Kimmich brings fresh eyes to an oft-studied period of European history and offers the opening for what promises to be a strong sequence of historical fiction.
The religious and political controversies of 13-century Europe have been an unexpectedly rich vein for recent novelists to mine. So it’s a testament to the quality of Kimmich’s volume—set in Europe during the early 1200s—that he offers an original contribution to an established niche. The book opens in Languedoc with its hero, Olivier de Mazan, ready to play witness as his mother is accepted as a priestess into a growing—and increasingly suspect—Christian sect. But that’s just the beginning of the book’s spiritual intrigue. Olivier learns of ancient scrolls that reveal Jesus married, had children, and produced a familial line—a concept that could rock the church to its foundations. After this revelation, Olivier is drawn into a maelstrom that will see his family threatened, his country imperiled, and his faith challenged. In preparing to set this drama in motion, Kimmich read widely among the histories of the era in both English and French, and his research pays off. His narrative not only brims with detail, but it also holds up under scrutiny; you could teach a class from this stuff. Yet the author’s thick descriptions of European lore are never overlong. His story moves nimbly, consistently enticing readers through every thrilling twist and turn. Perhaps only in one case does Kimmich’s devotion to authenticity lead him astray. Trying to fill his heroes’ mouths with period dialogue, Kimmich gives them lines that sound like a kind of faux Middle English. With all their “mayhaps,” “wots,” and “forsooths,” his characters too often seem like extras in a Monty Python sketch. Yet the admirable verisimilitude of the rest of his rendering means that these linguistic blips don’t distract much.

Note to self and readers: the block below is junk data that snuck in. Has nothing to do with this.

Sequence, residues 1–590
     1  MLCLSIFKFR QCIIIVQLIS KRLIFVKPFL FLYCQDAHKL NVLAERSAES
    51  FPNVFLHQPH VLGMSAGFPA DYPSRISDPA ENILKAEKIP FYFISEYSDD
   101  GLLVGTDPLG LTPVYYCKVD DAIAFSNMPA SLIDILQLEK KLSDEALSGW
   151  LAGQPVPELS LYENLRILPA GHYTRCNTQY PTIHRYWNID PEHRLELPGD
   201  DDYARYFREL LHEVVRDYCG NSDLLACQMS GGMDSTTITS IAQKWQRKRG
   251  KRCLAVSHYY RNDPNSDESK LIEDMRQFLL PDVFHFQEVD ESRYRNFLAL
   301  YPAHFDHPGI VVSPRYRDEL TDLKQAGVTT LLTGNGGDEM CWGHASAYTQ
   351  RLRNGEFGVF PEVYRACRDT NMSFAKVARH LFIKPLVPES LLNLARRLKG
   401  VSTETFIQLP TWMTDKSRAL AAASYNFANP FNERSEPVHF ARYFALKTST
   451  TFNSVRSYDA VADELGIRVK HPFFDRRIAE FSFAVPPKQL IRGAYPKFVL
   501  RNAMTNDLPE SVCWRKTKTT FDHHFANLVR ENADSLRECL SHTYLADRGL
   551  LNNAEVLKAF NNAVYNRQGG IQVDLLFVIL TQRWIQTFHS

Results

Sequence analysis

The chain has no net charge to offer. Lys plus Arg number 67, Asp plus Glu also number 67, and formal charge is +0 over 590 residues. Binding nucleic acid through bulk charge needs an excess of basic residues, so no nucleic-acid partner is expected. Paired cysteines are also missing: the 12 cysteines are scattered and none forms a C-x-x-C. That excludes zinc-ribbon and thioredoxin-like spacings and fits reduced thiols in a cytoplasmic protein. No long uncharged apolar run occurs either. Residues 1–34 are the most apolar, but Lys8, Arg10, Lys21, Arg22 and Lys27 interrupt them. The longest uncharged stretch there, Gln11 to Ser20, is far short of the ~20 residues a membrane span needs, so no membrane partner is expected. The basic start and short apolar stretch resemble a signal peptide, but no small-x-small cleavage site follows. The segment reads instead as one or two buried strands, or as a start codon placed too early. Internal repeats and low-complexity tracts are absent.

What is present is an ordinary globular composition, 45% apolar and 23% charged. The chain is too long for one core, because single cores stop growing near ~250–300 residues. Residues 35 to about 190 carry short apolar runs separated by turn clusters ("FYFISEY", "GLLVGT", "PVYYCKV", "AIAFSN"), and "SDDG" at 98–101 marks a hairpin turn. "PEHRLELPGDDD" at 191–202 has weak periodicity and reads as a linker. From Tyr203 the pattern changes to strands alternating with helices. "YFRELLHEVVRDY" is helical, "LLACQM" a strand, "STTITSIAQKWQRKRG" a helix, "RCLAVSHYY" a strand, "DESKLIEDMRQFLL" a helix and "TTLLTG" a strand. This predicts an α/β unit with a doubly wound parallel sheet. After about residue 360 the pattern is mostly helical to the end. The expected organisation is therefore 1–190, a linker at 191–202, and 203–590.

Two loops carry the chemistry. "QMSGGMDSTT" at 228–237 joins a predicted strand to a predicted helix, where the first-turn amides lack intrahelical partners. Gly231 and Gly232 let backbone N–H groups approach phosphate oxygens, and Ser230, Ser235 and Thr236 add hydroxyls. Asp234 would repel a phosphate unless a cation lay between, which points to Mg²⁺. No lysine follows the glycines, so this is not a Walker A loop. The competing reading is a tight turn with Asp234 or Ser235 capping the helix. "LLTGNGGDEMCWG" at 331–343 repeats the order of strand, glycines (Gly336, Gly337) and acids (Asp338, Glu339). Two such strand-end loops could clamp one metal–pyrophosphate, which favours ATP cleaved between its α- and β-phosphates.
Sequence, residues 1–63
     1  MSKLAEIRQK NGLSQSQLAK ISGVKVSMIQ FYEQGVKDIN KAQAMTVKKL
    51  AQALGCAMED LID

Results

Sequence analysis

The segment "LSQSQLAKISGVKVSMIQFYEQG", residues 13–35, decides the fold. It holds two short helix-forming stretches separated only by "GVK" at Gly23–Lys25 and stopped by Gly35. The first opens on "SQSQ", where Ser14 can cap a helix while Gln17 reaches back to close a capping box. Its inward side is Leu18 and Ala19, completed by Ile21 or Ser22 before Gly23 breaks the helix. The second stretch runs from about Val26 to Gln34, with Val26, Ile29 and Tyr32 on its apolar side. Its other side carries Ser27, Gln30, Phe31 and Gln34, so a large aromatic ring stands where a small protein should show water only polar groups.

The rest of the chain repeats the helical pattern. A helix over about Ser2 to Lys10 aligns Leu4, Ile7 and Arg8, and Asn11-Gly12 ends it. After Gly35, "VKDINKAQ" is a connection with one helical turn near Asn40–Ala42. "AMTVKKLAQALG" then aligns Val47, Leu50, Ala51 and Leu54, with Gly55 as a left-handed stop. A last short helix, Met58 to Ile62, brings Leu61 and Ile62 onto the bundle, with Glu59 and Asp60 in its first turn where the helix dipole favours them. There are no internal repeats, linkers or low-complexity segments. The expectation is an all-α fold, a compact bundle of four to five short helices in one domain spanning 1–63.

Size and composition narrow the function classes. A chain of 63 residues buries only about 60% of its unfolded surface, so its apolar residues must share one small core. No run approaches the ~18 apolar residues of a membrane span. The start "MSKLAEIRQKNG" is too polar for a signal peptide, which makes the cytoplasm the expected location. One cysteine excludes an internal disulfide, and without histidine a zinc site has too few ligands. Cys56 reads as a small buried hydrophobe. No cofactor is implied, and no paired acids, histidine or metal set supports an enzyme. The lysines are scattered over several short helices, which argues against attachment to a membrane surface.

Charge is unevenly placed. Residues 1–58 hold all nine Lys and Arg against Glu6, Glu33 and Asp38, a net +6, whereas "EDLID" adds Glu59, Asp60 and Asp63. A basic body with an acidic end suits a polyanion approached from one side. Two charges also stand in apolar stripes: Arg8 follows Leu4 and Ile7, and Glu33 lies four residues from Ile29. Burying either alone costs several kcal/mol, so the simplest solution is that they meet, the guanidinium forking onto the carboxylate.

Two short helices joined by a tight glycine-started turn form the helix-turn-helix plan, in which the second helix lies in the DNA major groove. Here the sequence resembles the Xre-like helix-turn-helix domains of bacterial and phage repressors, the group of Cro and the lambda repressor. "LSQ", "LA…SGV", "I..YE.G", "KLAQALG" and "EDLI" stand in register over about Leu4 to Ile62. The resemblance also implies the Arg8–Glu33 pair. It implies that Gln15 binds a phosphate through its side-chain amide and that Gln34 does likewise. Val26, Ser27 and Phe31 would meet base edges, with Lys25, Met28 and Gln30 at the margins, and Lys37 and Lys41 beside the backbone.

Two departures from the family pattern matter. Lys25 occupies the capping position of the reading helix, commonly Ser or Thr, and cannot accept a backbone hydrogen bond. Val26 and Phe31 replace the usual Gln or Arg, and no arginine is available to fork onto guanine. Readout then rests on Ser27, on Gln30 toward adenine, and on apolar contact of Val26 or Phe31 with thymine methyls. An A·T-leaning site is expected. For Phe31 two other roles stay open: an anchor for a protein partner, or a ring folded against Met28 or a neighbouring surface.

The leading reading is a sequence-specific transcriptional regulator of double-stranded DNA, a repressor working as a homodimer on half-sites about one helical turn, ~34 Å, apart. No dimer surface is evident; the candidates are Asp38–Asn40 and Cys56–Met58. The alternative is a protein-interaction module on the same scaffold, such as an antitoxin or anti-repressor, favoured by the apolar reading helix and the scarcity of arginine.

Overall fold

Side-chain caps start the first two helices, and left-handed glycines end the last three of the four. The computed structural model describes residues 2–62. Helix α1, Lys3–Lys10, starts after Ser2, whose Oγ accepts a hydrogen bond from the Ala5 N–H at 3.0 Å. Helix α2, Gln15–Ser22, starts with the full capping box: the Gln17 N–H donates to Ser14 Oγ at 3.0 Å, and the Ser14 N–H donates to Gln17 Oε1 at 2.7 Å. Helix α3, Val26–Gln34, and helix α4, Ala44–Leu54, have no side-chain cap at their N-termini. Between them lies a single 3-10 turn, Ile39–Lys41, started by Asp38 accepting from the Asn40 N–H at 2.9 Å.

An exciting, educational ride through medieval times.